# On the convexity of certain integrals involving Bessel functions

Let $n\geq 0$ be an integer and let $J_n=J_n(r)$ denote the usual Bessel function (of the first kind) of order $n$ i.e. one of the solutions to Bessel's differential equation

$$r^2\frac{d^2y}{dr^2}+r\frac{dy}{dr}+(r^2-n^2)y=0.$$

I am interested in the quantities

$$\beta_n:=\int_0^\infty J_n(r)^2 J_0(r)^2 dr$$ which arise naturally in the study of certain classes of oscillatory integrals. In particular, I would like to explore the convexity of the sequence $\{\beta_n\}$. My question is the following: is it true that

$$\beta_n<\frac{\beta_{n-1}+\beta_{n+1}}{2}$$ for every $n\geq 1$? This inequality seems to be numerically verifiable (Mathematica) for small values of $n$. To prove it, I was trying to use the so-called ''Neumann's formula'' (see e.g. Watson's treatise (1966), p.32)

$$J_n(r)^2=\frac{1}{\pi}\int_0^\pi J_{2n}(2r\sin\theta)d\theta,$$ together with the well-known recurrence

$$J_{n-1}(r)-J_{n+1}(r)=2 \frac{d J_n}{dr}(r)$$ and some integration by parts. Unfortunately I wasn't able to make this approach work.

Ideas or/and references are welcome, thank you very much in advance.

I fully suspect the answer to your question is yes. The reason is as follows. \begin{eqnarray} \beta_{n-1} + \beta_{n+1} &=& \int [J_{n+1}^2 + J_{n-1}^2] J_0^2 \nonumber \\ &=& \int [(J_{n+1} + J_{n-1})^2 - 2 J_{n+1} J_{n-1}] J_0^2 \nonumber \\ &=& \int [\frac{4 n^2}{r^2} J_n^2 - 2 J_{n+1} J_{n-1}] J_0^2 \end{eqnarray} where we we use the recurrence relation $2 \frac{n}{2} J_n = J_{n-1} + J_{n+1}$ to get the last inequality. Notice that since $$\int 2J_{n+1} J_{n-1}J_0^2 \leq \beta_{n+1} + \beta_{n-1}$$ we have that $$\beta_n + \int (\frac{n^2}{r^2} - 1) J_n^2 J_0^2 \leq \frac{\beta_{n-1} + \beta_{n+1}}{2}$$ You now just need that one equation to be non-negative to get the answer you want. This quantity should be non-negative by the simple fact that $\frac{n^2}{r^2} - 1$ is positive near $r=0$ and this is where the Bessel functions have most of their mass. Further, $\frac{n^2}{r^2} - 1$ is negative where the Bessel function is small. I'm not sure how to get this rigorously though.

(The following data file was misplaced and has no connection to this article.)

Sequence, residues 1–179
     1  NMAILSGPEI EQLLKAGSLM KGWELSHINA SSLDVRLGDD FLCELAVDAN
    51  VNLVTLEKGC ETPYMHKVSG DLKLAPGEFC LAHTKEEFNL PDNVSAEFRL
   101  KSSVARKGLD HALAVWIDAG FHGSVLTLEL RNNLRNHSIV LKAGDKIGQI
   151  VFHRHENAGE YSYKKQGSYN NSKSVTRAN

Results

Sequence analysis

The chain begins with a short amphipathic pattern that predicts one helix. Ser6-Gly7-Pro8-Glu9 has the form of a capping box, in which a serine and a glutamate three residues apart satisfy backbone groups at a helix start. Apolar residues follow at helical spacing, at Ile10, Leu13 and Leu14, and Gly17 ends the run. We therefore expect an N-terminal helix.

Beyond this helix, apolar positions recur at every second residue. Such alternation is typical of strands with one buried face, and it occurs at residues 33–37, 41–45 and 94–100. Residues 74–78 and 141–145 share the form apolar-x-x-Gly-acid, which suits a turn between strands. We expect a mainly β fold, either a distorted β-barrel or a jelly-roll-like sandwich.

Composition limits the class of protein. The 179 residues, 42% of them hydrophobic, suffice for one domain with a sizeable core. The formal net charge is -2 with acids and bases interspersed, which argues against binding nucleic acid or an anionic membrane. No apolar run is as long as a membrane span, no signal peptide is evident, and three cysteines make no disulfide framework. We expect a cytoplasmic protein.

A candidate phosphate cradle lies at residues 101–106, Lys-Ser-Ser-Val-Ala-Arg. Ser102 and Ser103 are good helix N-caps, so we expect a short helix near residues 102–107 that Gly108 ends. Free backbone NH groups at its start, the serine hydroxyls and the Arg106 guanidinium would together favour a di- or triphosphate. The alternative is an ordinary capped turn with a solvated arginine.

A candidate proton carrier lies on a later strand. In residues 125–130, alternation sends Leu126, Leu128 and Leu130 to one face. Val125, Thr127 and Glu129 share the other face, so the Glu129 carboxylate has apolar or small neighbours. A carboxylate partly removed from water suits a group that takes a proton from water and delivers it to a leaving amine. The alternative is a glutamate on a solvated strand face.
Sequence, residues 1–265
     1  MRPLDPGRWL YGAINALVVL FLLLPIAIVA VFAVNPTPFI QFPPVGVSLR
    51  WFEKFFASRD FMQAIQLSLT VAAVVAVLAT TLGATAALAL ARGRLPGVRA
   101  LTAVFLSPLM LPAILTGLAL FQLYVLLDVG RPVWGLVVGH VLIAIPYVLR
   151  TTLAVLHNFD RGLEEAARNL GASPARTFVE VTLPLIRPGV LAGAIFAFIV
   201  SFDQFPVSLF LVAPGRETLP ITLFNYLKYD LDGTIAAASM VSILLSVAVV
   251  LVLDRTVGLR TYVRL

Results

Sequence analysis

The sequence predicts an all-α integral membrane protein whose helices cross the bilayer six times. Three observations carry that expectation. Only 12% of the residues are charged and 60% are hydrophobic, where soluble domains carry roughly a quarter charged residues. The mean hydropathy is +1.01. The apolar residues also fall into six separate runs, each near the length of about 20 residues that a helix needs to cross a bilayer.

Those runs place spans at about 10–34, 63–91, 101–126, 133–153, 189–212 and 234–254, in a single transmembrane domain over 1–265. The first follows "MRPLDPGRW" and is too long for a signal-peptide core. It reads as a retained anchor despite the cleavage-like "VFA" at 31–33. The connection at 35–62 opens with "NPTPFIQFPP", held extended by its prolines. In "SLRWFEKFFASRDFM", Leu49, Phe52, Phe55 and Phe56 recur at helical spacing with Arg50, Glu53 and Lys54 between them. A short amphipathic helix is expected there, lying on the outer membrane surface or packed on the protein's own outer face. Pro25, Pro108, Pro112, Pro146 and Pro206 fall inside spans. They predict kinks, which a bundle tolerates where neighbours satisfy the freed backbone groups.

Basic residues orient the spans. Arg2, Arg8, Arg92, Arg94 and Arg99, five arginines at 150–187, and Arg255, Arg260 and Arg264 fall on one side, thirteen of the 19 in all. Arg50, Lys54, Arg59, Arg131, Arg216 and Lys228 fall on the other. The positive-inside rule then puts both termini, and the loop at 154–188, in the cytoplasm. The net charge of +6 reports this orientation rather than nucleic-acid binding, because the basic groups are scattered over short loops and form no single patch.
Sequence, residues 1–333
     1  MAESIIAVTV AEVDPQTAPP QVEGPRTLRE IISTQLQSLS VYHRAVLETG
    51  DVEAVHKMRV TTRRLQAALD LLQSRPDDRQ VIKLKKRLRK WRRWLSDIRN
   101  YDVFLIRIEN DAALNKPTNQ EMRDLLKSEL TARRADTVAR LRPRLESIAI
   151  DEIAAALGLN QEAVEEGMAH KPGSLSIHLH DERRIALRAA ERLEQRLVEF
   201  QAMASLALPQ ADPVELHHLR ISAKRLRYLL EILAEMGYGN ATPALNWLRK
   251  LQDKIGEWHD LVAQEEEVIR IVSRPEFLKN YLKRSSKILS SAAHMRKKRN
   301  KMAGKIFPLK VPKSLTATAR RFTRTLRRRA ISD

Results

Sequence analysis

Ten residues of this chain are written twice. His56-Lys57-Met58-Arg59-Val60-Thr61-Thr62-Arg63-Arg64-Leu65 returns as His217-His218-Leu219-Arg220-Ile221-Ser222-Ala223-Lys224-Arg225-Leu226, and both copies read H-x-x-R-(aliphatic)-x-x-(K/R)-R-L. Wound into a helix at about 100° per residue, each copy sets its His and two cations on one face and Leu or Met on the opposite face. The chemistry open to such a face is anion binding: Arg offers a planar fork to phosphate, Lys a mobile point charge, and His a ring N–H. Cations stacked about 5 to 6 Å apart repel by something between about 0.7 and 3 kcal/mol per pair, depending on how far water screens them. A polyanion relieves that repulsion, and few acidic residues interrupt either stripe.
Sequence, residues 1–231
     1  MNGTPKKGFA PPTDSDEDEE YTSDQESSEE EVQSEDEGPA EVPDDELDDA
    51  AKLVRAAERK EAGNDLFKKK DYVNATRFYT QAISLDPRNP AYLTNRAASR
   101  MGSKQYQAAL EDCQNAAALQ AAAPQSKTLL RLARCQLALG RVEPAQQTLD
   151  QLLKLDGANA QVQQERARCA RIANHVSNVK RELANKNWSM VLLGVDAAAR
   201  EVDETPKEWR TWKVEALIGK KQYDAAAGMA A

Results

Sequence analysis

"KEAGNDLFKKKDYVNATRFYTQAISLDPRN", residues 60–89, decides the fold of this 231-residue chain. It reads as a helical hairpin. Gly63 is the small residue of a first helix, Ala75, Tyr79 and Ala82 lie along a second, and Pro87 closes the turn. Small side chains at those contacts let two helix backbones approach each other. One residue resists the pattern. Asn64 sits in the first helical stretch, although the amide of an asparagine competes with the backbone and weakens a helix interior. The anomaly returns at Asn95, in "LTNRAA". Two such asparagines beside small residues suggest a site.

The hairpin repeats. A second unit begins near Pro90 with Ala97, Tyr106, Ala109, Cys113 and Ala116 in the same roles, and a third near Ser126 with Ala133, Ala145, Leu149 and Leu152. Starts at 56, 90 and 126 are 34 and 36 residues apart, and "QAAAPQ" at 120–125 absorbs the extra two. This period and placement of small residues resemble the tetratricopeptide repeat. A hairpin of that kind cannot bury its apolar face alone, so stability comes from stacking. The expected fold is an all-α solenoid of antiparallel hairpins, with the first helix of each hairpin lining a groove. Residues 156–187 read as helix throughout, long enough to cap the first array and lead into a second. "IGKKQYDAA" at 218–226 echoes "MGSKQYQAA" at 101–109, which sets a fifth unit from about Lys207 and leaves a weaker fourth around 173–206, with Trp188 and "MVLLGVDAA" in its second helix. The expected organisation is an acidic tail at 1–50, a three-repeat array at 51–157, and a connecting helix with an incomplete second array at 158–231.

I hope this helps.

• Thank you! Your heuristics are insightful but I think you're missing one point: the function $J_n(r)$ starts oscillating only around $r\sim n$, until then it looks like a convex function with absolute value very close to 0. And in fact I just checked (numerically) that the integrals $\int (n^2/r^2-1)J_n^2 J_0^2$ are negative for small values of $n$. I also suspect that my original question should have an affirmative answer, but something rather subtle seems to be going on... Any further thoughts? Thanks again. – user17240 Apr 12 '14 at 15:23
• That's interesting. I didn't think the estimate would have been that damaging. The only place where we estimated was to replace $2ab$ with $a^2 + b^2$. If we don't estimate, then we get $2ab = a^2 + b^2 - (a - b)^2$. Setting $a = J_{n+1}$ and $b=J_{n-1}$ and using the recurrence relation $2 J_n' = J_{n-1} - J_{n+1}$ we get $$\beta_n + \int\{(\frac{n^2}{r^2} - 1)J_n^2 + J_n'^2\}J_0^2 = \frac{\beta_{n-1} + \beta_{n+1}}{2}$$ It seems interesting that one gets that $(\frac{n^2}{r^2} - 1)J_n^2 + J_n'^2$ turns out to be non-negative in an averaged sense. I'll keep thinking about this. – k3thomps Apr 12 '14 at 20:19
• I don't think a 2 is missing. I re-did the calculation and what I had above looks correct. – k3thomps May 21 '14 at 18:03
• @Wurlitzer and then you have to divide by 4. – k3thomps May 22 '14 at 12:43